Charitiy & Activism

LEADING THE FUTURE

The Mission of Leading The Future is to provide the skills, knowledge and support needed (in a fun and respectful environment) so organizations can successfully reach their Missions. This may be accomplished through interactive, hands-on, entertaining training programs, through asset mapping and community coaching projects, through fundraising events, through consulting work, or through retreats and workshops. Leading The Future will use the unique and special gifts the people affiliated with the program to provide all adult learners with the most comprehensive, meaningful and enjoyable training experience.

Website: www.leadingthefuture.com


Activities: donations


January 2005

Fundraising

By Carole Dawn Brinkley
Founder, Leading The Future
www.leadingthefuture.com
CaroleDBrinkley@aol.com

Fundraising is a terrifying word for many nonprofit organizations. When I ask most people what they hate most about working in the public sector, nine times out of ten people will tell me that they hate asking for money! People tell me it is uncomfortable, it makes them feel like they are inconveniencing others, or that they are begging. If this sounds like you then you need to read this article.

Nonprofit organizations live and die by the donations they receive. Whether this is a monetary donation, a donation of time or a donation of goods and services, we can not offer our services in quantity or quality without, as Blanche DuBois so eloquently put it in A Streetcar Named Desire, “the kindness of strangers.” The amazing thing is all of us believe in our programs, missions, and clients 1000%. We would not work the countless hours at less than remarkable pay to positively influence the quality of life for our clients if we were not passionately committed.

During my workshops on Fundraising and Grantwriting I tell people that in order to be an effective fundraiser you can not be afraid to ask for what you believe your program deserves. If you do not believe that your program is worth the money, time, or effort, then why should others believe? Think about that for a few moments. So many people ask for money by starting out their proposal with an apology. NEVER apologize for trying to make a positive difference. NEVER!

Have you ever heard of a CEO of a major company going to a bank and apologizing for asking for a loan for expansion? Have you ever heard of a politician starting his or her argument for funding for a project with an apology? Have you ever heard of a teenager starting his or her plea with their parents with an apology? Heck NO! All of these people have a well developed plan before they make their approach to their audience explaining why they MUST have what they want. They have bullet points explaining why it is in the best interest of the audience to invest in their quest. They answer every possible “NO” response with a reason why that “NO” should really be a “YES” before the audience can even think about saying “NO.” Interview a teenager who wants a car, an extension on curfew, or money for an important date. They can show you exactly how to word an unapologetic, passionate plea to support their cause. Why are they so effective in negotiating? Because they believe with 100% certainty in their cause. They have passion, they are committed, they don’t take a “NO” answer as a final answer. They look at a “NO” response as the first step to the “YES” response that they are committed to obtaining! They do not feel guilty for asking, they do not feel like they are bothering their audience, they do not cower and give up if they are rejected. They go back and rework their argument, find a way to address the parental concerns, and come up with more persuasive arguments on why it is in the parent’s best interest to support their needs.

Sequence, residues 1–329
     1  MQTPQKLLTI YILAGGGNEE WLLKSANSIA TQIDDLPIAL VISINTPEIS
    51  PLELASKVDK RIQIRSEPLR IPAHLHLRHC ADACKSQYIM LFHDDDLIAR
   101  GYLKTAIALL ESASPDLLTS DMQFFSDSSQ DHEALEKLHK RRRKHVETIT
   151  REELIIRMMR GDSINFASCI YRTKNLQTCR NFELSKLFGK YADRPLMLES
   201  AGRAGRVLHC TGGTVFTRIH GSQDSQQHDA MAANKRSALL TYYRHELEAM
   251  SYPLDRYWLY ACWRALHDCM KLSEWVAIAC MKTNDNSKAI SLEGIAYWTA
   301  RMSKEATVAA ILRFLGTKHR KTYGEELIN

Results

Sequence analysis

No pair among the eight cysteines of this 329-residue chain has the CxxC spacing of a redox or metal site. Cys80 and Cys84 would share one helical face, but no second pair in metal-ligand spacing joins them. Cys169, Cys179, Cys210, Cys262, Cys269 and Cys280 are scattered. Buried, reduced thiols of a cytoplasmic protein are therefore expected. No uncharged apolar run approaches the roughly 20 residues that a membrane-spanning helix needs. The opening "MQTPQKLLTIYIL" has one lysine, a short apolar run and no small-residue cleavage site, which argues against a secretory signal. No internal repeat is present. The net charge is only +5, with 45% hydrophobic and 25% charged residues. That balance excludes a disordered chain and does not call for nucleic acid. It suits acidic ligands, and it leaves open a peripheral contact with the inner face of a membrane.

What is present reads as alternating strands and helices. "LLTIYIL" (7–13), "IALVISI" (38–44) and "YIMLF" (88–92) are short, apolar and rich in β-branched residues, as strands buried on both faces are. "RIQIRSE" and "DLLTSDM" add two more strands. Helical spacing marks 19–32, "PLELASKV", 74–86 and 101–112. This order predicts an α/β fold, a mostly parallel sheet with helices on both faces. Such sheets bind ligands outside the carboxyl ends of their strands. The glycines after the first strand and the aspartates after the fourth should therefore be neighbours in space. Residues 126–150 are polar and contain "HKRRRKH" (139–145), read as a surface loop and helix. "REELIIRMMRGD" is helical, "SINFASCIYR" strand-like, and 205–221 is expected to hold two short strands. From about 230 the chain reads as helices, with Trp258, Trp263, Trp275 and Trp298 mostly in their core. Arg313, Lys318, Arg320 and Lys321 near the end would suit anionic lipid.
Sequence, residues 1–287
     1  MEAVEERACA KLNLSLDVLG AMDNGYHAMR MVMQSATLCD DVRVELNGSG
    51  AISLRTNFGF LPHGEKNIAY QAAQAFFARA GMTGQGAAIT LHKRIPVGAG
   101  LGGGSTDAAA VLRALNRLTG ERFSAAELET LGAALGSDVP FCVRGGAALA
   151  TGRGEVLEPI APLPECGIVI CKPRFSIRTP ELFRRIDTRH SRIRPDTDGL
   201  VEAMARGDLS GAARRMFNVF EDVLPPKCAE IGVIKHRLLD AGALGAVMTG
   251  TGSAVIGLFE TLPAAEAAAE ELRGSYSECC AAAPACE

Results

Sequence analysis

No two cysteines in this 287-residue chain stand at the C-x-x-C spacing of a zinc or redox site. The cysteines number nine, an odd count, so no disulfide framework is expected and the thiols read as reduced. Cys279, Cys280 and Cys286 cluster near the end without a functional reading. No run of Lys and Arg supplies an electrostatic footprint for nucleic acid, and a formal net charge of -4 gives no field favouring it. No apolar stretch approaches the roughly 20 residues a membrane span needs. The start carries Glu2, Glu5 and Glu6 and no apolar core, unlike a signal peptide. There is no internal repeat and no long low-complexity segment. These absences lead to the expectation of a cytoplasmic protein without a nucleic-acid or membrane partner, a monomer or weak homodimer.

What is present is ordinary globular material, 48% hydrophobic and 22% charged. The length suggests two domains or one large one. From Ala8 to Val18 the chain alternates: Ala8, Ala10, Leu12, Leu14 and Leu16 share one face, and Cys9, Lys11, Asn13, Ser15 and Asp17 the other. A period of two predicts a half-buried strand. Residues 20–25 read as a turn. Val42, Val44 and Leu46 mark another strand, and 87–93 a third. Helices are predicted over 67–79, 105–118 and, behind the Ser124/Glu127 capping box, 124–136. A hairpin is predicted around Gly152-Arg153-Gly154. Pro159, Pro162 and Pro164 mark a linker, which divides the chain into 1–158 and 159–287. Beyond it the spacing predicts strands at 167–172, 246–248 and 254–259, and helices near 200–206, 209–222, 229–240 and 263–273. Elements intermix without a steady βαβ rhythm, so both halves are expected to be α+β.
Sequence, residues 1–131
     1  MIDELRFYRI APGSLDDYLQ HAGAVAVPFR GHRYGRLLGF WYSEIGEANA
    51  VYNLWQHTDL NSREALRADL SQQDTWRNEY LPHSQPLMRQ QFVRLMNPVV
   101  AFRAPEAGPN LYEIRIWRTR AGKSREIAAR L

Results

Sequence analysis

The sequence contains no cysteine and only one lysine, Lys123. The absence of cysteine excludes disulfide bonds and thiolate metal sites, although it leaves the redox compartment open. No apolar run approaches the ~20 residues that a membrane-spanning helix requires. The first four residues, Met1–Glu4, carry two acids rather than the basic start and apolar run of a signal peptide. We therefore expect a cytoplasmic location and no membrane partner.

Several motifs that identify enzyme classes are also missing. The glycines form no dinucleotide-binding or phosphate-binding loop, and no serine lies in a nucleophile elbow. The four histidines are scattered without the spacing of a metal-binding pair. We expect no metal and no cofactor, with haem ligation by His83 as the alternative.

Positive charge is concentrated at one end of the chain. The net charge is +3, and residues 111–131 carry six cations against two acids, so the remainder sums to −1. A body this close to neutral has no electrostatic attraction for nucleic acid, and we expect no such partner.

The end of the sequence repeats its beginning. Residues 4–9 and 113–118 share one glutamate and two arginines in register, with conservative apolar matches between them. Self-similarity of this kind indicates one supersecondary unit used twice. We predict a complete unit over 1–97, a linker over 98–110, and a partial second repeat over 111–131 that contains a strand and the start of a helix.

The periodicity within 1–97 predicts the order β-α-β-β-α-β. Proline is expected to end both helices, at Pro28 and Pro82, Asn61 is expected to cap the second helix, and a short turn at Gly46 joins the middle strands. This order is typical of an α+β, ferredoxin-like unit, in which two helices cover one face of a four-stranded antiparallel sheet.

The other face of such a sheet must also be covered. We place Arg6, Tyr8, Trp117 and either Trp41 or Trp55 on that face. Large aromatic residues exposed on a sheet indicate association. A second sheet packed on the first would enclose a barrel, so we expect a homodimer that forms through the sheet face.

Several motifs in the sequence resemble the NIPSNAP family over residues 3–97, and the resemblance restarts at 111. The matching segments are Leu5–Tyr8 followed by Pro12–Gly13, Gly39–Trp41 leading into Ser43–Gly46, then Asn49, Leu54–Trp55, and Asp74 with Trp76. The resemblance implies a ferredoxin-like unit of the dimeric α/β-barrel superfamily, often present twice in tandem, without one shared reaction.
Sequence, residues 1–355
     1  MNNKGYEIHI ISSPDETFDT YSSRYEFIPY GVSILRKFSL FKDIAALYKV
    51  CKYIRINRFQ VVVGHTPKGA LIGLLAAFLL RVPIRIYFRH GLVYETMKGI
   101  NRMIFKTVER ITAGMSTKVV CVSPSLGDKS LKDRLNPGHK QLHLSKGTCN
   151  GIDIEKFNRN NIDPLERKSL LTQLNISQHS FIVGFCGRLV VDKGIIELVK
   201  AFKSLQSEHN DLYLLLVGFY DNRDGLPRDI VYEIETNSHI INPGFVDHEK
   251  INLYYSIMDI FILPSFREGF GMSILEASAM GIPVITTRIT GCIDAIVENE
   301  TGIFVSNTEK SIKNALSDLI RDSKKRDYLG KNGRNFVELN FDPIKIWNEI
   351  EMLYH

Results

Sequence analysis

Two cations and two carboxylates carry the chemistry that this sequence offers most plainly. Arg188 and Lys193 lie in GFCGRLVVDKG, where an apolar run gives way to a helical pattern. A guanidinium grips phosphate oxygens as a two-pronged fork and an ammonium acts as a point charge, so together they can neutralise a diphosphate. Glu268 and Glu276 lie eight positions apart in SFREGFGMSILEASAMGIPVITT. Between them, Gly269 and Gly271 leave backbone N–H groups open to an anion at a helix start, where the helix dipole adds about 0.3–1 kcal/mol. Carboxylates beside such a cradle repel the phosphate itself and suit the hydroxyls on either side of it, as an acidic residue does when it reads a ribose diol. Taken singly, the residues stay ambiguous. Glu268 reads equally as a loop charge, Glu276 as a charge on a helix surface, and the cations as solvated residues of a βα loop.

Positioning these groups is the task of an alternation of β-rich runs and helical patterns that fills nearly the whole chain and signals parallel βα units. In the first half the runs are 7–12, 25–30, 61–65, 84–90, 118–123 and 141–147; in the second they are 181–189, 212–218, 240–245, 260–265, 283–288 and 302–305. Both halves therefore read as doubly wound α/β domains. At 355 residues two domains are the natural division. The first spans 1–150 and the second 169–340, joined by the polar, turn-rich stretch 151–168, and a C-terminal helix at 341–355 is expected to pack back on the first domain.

Somewhere along the way we have been taught that asking for what we need is a negative thing. Maybe it starts with the magazine sales and bake sales as kids. Maybe we did not win the prize for most items sold. Maybe our parents groaned and said “Not another fundraiser!” and we learned that raising money and asking our neighbors to support the school was inconvenient. Maybe just talking to others and asking them for something makes us sick to our stomachs. I am here to tell you that if you truly believe that your organization is making a positive difference in the people that you serve, then you must get over your feeling of embarrassment when asking for money. I can give you a million tips and techniques to raise money, but if you are afraid to ask others to support your program then you cannot move forward in your fundraising goals.

I have raised over $3,000,000 in grants, over $300,000 in direct giving and have had people from Sheryl Crow to Steven Covey donate and waive fees to support my programs. Not once did I feel bad about asking them to support my cause. Maybe it is because at one point in time I was a welfare mom with two kids. Maybe it is because my children and I personally benefited from programs that someone else raised money for so we could have a better quality of life. I do not share this information to say “Look what I have done! It is so easy!” I share this information with you to say that if you do not ask for support, you are guaranteed to get absolutely nothing for your program, but if you do ask, in a well prepared, heart felt and eloquent way that shows how supporting your program can benefit your audience, you may be surprised at what you can accomplish! So, I challenge you to hear the word “NO” 100 times this month. During those 100 no’s, you will get at least one”YES”, and that “YES” may be the “YES” that enables you to start a new program, help another person, or change a life!

Source: www.volunteerwv.org/


< BACK